Meet Lucky. She’s a sweet pup who loves people, loves attention, loves treats. What Lucky does not love, is being bored. What’s a girl to do?
Kong’s are one of the best items you can get for your pooch, for a multitude of reasons. We have been welcoming a lot of puppies to the Comfy Family lately, so we wanted to provide some detailed information about why we are such fans, how to introduce and use a Kong, and the benefits for both you, your dog, your shoes, your furniture…
A Kong is described as an interactive toy. There are many interactive toys available these days, but what makes Kong one of the best is its durability. It’s also inexpensive. The classic red Kong is the most common, and it comes in various sizes. The cavity of the Kong is not all that large, so make sure you are choosing a size that will allow you to insert adequate filling, and also ensure your dog’s success in eventually retrieving the goodies inside. If the Kong is too small and you have a large dog who is unable to extract the filling, it can become an exercise in frustration, and this is exactly what we are using the Kong to prevent; a bored, frustrated dog. If your dog is an exuberant chewer, consider purchasing the black Kong, as this is the most rugged. Once you decide which Kong to use, get 2-3 of them. They will be in steady rotation, especially for puppies, and you’ll never be unprepared. There will be a Kong in the crate, a Kong in the dishwasher, a Kong in the freezer, and a happy dog in the home.
Why are interactive toys important?
- Training tools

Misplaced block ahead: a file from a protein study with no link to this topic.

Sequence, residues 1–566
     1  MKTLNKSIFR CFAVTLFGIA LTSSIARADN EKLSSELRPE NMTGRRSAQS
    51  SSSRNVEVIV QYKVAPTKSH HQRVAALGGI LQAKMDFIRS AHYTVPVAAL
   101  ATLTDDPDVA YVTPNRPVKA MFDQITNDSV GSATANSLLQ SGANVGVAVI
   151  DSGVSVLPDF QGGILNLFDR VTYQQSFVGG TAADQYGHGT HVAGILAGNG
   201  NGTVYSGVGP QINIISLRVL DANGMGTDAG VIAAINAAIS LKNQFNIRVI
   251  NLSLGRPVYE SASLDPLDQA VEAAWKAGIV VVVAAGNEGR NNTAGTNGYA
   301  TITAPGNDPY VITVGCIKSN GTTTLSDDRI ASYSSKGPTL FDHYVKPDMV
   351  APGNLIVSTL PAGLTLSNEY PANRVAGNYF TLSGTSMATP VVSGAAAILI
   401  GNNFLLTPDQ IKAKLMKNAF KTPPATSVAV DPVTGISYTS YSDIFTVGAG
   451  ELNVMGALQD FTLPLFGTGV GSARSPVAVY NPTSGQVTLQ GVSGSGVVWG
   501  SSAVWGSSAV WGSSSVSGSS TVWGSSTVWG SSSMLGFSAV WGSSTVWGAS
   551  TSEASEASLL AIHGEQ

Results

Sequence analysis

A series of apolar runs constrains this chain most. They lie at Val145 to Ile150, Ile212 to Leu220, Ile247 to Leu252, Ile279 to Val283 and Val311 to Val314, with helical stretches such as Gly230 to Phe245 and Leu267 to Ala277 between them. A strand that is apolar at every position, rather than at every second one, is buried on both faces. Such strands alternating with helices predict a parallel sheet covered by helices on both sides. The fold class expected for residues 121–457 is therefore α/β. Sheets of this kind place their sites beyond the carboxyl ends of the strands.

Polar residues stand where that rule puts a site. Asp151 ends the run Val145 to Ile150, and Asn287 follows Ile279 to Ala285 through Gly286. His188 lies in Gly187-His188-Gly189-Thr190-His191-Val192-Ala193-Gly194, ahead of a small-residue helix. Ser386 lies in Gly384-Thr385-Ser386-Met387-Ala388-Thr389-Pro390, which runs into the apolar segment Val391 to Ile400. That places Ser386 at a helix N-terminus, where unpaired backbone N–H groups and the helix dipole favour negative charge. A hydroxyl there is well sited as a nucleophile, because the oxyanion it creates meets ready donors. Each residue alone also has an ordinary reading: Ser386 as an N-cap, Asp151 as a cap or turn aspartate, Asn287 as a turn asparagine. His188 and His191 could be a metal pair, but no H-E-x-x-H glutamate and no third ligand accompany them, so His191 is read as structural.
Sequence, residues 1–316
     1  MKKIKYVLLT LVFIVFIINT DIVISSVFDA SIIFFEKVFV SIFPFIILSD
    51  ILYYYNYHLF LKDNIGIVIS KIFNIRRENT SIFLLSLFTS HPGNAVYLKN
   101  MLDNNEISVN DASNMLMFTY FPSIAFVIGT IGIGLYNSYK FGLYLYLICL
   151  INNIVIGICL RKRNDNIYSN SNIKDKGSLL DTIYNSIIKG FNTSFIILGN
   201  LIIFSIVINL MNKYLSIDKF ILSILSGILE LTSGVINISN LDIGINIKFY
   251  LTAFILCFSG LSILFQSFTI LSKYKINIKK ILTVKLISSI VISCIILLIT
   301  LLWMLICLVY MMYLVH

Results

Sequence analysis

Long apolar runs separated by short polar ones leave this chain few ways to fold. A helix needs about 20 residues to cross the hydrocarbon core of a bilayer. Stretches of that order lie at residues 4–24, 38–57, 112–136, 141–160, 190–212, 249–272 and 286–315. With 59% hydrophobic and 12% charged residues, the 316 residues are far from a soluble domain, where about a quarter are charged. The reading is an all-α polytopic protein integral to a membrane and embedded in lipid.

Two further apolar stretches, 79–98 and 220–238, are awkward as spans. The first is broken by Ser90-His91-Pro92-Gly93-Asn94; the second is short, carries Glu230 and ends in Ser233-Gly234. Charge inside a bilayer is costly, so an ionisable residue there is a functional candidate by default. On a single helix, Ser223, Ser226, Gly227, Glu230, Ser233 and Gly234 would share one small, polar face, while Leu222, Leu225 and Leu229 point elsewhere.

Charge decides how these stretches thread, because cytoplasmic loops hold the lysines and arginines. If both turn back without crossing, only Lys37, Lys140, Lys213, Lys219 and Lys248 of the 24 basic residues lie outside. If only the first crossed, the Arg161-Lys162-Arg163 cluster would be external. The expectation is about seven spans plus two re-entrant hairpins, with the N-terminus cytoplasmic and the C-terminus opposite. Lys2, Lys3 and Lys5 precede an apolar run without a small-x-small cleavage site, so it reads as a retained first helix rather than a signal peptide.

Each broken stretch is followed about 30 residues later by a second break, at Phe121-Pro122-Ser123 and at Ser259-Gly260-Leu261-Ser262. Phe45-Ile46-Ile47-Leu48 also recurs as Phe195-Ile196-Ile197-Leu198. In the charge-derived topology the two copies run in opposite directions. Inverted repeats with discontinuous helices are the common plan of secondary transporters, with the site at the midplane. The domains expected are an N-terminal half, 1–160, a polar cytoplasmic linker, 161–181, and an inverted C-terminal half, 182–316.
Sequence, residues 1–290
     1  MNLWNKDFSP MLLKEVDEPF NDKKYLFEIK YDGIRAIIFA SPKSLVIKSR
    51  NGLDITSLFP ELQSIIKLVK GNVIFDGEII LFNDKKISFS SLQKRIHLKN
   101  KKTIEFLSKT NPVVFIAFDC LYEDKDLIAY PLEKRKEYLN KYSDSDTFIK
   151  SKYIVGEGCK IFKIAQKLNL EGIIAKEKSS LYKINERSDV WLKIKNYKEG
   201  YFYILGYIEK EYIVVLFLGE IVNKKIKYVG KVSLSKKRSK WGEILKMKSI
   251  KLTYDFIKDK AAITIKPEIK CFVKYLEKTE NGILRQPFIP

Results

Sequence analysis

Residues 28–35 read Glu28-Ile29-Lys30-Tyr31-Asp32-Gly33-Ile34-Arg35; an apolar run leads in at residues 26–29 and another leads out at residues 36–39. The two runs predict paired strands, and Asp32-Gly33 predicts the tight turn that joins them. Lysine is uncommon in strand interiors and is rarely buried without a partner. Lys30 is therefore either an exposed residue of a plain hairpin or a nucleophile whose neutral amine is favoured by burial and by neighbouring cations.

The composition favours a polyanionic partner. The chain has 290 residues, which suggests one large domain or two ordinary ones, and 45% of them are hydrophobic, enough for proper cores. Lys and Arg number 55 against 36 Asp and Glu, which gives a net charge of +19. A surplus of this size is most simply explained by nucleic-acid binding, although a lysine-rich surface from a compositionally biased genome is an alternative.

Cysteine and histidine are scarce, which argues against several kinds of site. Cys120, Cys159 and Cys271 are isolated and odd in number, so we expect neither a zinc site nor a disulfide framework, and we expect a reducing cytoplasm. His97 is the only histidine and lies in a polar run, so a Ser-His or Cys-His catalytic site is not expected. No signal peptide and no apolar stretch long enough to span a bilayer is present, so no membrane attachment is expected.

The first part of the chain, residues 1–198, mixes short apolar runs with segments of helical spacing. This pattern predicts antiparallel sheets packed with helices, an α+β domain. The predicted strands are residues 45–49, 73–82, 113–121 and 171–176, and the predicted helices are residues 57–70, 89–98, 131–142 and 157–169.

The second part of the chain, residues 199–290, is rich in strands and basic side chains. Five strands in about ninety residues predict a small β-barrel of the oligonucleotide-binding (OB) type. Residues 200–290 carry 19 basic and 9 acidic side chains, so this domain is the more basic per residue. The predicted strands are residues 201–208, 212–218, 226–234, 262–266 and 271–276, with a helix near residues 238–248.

- Deter boredom
- Prevent bad behaviors
- Avoid isolation distress
As a training tool, a Kong can help you achieve various training goals. While you are crate training (this applies to both puppies and newly adopted dogs), a Kong will help you train your dog to love his crate. We always say the crate should be a happy and even magical place, where treats and toys just “appear” for your dog to discover. Additionally, giving your puppy his meals in a Kong, while in the crate, is going to render several accomplishments; you are training your pup to like his Kong, you are training your pup to like being in his crate, and you are training your pup to enjoy – or at least, not mind – being alone.
A filled Kong can help deter boredom and prevent bad behaviors in that it gives your dog something to focus on and be stimulated by. It provides a reward. (We always like to reward good behavior!) Additionally, it allows your dog to forage and chew, which are natural behaviors for canines.
Isolation distress (frequently mis-labeled as separation anxiety, which is a serious disorder) can be prevented with a rewarding, interactive toy like a Kong, as it keeps your dog company; it holds his attention, brings him pleasure, stimulates his mind and natural instincts, is fun to play with, and has a delicious reward.